Perfectionism isn’t self-abuse – don’t deny it, embrace it
“Some people believe holding on and hanging in there are signs of great strength. However, there are times when it takes much more strength to know when to let go and then do it.”
I’ve been fighting perfectionism for many years. It started when others branded me with that label, and not in a nice way. I was probably 10 or 12 when the teasing started and girls at school would scribble all my work because it was “too neat”. They’d dare me to purposefully answer a question incorrectly in tests and they’d shun me when I’d get 100%.
I changed my handwriting. I remember a teacher in my early years of high school who pulled me aside after class to make a comment: “I notice you have very tiny and controlled handwriting, which indicates to me you might be feeling very small and insignificant?” She encouraged me to write bigger and bolder! I didn’t quite know how to respond. “Yep, OK…” I said.
I don’t recall trying to fail in tests, but the girls’ dares made me start to question why I was trying so hard. What was I getting out of it? I’ve always needed the reassurance of praise – I like to please people and disappointing anyone fills me with the most crippling grief. Still, this is a constant struggle. Perhaps being a perfectionist helps ensure that I can, at the very least, please me. My efforts and outcomes are all on me. Of course there are extremes, but for me it’s about self-satisfaction.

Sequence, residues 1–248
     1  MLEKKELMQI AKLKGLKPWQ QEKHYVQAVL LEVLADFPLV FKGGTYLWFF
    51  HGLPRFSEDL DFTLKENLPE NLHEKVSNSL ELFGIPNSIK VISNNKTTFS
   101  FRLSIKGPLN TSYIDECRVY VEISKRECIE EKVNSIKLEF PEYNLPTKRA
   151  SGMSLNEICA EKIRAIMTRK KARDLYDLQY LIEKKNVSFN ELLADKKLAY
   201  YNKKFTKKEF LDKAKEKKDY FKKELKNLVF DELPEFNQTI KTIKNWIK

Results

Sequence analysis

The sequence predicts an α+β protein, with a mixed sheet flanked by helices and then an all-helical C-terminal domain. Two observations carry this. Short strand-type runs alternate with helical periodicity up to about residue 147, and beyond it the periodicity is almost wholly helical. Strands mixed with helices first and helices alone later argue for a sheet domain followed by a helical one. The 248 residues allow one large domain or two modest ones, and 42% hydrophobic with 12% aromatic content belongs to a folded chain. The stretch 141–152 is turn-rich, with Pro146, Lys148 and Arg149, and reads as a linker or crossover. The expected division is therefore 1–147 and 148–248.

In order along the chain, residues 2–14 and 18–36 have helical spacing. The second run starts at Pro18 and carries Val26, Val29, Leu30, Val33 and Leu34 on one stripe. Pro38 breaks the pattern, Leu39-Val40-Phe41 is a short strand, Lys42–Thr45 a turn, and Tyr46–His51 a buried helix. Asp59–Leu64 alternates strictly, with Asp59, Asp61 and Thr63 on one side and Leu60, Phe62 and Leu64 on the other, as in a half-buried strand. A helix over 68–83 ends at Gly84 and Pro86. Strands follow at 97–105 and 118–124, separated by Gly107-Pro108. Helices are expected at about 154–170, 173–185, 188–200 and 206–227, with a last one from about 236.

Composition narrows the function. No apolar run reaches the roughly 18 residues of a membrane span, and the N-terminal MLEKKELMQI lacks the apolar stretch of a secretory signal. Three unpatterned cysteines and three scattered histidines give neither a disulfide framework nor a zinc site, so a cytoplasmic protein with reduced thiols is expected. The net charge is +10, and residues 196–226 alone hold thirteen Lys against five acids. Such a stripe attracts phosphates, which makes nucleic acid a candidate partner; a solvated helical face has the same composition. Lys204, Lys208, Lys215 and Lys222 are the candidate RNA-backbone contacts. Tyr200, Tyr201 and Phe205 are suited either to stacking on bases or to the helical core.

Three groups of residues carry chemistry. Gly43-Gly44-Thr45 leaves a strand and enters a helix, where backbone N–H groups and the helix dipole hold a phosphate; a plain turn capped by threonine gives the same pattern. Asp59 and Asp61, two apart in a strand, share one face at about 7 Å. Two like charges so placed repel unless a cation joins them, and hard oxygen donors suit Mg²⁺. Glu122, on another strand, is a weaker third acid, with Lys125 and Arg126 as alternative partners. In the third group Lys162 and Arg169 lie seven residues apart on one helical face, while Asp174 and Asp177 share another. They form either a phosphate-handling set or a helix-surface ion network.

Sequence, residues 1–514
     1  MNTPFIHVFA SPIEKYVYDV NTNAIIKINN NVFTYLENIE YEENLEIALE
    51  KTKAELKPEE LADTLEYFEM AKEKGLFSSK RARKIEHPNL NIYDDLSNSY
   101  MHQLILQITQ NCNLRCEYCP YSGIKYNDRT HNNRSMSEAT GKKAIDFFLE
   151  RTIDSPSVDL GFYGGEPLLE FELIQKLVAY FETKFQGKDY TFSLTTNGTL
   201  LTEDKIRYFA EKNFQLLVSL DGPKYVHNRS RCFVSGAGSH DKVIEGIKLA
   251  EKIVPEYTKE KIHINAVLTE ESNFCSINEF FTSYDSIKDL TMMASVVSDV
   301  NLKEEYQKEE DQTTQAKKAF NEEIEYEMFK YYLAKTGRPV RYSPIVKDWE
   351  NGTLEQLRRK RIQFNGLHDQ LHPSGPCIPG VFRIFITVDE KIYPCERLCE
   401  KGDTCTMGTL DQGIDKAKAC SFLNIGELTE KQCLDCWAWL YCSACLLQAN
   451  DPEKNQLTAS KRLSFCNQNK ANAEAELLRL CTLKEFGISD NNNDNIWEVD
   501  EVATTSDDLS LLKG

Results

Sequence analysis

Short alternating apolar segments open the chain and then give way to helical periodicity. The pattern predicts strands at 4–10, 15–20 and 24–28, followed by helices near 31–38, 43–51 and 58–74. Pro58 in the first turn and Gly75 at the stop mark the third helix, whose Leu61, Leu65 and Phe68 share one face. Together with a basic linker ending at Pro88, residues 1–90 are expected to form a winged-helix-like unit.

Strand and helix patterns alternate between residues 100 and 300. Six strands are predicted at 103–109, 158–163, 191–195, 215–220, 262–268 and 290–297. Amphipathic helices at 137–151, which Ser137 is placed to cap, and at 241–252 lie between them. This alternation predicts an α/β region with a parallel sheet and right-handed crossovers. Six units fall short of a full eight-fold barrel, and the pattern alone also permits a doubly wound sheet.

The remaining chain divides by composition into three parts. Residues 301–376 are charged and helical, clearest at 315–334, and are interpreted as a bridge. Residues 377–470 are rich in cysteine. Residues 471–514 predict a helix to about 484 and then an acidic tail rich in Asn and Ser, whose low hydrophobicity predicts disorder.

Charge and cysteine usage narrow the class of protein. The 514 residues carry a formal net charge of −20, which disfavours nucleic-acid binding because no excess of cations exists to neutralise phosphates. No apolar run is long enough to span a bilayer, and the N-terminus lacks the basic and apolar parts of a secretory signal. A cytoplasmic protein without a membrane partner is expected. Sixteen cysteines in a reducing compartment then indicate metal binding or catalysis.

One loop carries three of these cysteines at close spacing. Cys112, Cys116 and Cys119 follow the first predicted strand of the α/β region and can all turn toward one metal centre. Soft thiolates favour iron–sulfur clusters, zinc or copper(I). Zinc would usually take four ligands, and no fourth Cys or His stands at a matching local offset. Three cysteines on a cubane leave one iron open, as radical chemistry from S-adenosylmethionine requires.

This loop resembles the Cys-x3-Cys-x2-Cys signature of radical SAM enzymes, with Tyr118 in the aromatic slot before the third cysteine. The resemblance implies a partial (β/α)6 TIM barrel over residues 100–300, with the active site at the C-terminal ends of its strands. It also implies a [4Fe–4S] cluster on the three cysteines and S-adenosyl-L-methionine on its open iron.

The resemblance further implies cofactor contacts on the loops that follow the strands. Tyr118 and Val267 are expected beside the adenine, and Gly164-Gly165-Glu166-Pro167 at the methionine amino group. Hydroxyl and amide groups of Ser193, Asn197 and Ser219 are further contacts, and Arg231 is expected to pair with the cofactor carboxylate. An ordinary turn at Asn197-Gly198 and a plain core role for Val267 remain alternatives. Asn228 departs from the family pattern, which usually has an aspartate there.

Maybe it was the continuous niggling from my peers that got me questioning ‘why?’, and ‘what is the point of trying so hard?’, which led to the first pangs of loss of self-satisfaction when I started fighting perfectionism as a young teen. But it you fight to change who you are, especially as a teenager, it only detours you from your path to self-discovery. Detours are OK, but some detours are bumpier than others.
I’m a sensitive person (another label other’s have given me), and I don’t believe there was only one thing that caused the most significant ordeal of my life, but rather a bunch of little things. Like an asteroid targeting Earth, a gazillion tiny particles that spent as many years in the making randomly collide and fuel each others’ energies. And unless you’ve got Bruce Willis or Ben Affleck on your back working away to blow apart all those years of pent up emotions and memories, the threat of destruction will never be far away.
Even today, many years after my recovery, I struggle to let go of perfectionism. And it’s only now as I’m typing this post that I’m wondering: ‘Is perfectionism really such a bad thing?” Or am I only perceiving it as a negative trait because that was the intention of a bunch of school girls almost 20 years ago? Maybe I should practice embracing perfectionism because it’s part of who I am. As long as I am resisting being my true self, I’m trying to be someone I’m not. And that’s not being kind to myself. I believe we should let go of others’ labels, or at least the energy with which they label us, and just be. I think I’ve realised that I don’t need to release control of perfectionism or deny it, but rather release control of self-resistance to perfectionism and embrace it.
I’ll go with that for now, anyway